An independent organisation will be formed to resolve outstanding insurance claims from the Canterbury earthquakes.

Budget 2018 included $8m in funding to set up and run the special insurance tribunal.

Earthquake Commission Minister Megan Woods said it would allow people to "get on with their lives", seven years on from the quakes.

"It will provide an active, individually case-managed resolution process for claimants and their insurers, as well as mediation services," Courts Minister Andrew Little said.


Another $3.5m will be spent on a public inquiry into the performance of the Earthquake Commission, which was announced in December.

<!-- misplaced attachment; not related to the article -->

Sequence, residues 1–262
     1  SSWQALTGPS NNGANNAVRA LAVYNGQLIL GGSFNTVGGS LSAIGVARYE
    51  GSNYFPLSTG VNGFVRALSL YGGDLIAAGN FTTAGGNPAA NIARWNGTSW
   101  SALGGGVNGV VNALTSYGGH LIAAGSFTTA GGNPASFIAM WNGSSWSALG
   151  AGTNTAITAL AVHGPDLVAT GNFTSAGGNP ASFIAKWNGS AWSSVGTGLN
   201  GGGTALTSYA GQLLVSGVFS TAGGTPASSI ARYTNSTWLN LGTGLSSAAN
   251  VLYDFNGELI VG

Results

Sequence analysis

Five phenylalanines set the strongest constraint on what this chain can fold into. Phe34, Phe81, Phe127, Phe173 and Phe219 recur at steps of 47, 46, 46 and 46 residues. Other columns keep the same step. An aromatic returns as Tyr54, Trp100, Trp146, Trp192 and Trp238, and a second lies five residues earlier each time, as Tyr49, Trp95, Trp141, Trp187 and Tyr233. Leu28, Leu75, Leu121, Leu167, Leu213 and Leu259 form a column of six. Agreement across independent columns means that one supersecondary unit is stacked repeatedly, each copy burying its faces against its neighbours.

"It's important we get to the bottom of what went wrong so that we are better prepared for future disasters," Woods said.

"We also need to look at what was done well, and what has worked better in the Kaikoura earthquake sequence."

The inquiry will have powers to compel evidence, hold public hearings and would inform amendments to the Earthquake Commission Act.

The main Budget initiative for Christchurch has already been announced - $300m over the next year to accelerate rebuild projects in the city.

It is up to the Christchurch City Council to decide how the money will be spent on the various projects, which include a roofed, multi-purpose stadium.

"The fund is being guided by what the people of Christchurch want," Woods said.

"While all the projects will of course need satisfactory business cases, we are not making Canterbury decisions from Wellington."